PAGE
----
The prokaryotic tree of life: past, present... and future?


No accepted phylogenetic scheme for prokaryotes emerged until the late 1970s. Prior to that, it was assumed that there was a phylogenetic tree uniting all prokaryotes, but no suitable data were available for its construction. For 20 years, through the 1980s and 1990s, rRNA phylogenies were the gold standard. However, beginning in the last decade, findings from genomic data have challenged this new consensus. Gene trees can conflict greatly, and strains of the same species can differ enormously in genome content. Horizontal gene transfer is now known to be a significant influence on genome evolution. The next decade is likely to resolve whether or not we retain the centuries-old metaphor of the tree for all of life.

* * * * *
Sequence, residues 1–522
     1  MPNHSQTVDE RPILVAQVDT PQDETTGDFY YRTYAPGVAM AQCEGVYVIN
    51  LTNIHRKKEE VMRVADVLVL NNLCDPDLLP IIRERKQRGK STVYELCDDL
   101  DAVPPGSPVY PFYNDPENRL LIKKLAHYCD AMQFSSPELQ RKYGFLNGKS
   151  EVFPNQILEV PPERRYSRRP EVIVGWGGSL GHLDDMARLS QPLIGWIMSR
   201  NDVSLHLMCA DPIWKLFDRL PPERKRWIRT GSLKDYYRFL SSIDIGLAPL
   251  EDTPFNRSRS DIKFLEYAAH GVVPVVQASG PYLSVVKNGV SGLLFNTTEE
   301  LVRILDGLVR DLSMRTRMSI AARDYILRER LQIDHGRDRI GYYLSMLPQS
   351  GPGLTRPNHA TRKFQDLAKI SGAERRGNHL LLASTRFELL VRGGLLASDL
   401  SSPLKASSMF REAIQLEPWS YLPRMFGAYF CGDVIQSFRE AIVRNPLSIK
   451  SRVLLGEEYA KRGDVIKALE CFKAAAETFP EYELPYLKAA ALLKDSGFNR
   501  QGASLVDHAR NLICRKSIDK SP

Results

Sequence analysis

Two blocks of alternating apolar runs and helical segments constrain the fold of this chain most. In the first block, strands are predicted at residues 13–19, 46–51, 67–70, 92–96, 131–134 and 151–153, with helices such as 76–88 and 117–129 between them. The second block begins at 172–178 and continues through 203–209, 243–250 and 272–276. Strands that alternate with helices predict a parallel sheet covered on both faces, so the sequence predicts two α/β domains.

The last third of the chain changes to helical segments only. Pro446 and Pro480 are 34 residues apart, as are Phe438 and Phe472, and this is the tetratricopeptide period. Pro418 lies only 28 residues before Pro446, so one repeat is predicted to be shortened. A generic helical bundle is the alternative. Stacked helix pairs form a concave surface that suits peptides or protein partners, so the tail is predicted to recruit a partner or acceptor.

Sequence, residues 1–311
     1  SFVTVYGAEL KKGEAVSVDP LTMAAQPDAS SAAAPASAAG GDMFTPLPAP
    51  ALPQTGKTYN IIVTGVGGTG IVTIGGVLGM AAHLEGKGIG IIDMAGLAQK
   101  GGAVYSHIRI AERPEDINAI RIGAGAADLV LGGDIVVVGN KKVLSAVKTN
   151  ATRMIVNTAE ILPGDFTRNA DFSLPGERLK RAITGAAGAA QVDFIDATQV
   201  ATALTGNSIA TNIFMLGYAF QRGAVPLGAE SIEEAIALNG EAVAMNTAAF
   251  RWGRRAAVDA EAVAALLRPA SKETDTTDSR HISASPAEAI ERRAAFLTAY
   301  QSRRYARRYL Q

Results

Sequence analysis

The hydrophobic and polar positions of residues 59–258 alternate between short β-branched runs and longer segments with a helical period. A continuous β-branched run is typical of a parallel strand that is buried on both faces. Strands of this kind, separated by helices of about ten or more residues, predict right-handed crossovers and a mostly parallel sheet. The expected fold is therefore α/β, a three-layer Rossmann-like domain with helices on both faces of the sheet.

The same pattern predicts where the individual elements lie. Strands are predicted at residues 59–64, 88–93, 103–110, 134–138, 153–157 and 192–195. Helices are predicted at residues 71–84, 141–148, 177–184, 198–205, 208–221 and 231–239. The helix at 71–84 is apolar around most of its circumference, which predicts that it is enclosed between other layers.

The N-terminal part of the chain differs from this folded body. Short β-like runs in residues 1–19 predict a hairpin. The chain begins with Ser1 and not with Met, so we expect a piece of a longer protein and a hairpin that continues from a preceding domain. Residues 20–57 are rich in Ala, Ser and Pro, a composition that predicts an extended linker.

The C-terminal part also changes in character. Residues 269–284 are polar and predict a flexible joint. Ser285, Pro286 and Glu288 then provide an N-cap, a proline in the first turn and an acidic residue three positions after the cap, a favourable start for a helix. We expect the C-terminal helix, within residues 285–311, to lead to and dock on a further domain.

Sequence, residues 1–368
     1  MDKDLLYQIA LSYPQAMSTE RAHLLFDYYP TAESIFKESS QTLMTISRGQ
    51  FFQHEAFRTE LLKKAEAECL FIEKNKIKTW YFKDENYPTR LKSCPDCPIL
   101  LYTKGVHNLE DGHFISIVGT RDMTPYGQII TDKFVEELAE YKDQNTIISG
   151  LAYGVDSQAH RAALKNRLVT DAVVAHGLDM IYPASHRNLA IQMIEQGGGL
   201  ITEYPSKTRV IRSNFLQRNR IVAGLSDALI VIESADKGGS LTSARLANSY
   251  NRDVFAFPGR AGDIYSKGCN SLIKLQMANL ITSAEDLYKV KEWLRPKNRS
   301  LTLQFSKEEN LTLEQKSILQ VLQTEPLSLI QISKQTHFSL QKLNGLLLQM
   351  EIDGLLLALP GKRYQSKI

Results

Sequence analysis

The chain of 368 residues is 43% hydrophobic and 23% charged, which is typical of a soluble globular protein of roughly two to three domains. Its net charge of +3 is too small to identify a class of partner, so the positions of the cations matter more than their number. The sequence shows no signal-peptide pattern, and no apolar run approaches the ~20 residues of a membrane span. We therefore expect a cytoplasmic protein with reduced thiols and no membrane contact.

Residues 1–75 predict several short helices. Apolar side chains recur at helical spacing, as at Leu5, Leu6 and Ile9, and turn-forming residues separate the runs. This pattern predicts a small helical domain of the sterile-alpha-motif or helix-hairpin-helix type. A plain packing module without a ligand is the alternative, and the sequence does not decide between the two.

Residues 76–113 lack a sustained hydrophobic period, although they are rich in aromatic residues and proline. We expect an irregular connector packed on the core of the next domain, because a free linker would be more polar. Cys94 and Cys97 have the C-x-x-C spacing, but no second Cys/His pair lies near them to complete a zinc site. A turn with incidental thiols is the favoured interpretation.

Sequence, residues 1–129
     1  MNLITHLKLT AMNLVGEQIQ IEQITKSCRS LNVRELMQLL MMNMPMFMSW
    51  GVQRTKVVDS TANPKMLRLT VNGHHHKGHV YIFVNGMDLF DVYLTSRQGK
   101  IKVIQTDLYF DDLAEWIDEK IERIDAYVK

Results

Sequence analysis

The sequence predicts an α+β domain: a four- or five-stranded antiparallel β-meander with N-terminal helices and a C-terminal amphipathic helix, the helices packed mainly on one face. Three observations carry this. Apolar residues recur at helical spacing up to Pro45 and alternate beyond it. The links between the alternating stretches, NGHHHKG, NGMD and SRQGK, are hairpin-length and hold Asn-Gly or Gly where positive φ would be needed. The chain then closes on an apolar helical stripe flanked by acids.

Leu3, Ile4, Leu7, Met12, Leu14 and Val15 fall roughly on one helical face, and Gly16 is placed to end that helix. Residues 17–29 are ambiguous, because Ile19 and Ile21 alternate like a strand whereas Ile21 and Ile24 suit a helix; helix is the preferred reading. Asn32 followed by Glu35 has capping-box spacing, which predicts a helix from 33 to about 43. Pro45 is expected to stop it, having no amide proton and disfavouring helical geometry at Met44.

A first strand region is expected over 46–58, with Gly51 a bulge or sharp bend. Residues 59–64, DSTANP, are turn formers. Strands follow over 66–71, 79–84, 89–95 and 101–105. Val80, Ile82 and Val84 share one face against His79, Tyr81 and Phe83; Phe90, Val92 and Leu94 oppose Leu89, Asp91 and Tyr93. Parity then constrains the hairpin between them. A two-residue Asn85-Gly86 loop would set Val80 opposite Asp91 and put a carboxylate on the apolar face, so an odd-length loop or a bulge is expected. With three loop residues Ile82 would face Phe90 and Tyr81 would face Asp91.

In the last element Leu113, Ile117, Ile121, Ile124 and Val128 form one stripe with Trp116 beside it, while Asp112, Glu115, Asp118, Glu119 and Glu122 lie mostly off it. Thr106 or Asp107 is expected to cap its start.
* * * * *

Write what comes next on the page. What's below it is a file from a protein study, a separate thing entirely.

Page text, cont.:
In Trends Ecol Evol 23:276–281
James Cotton
James Cotton
Senior Staff Scientist

My research interests are in the genomics, and particularly population genomics of parasites, particularly those that cause neglected tropical diseases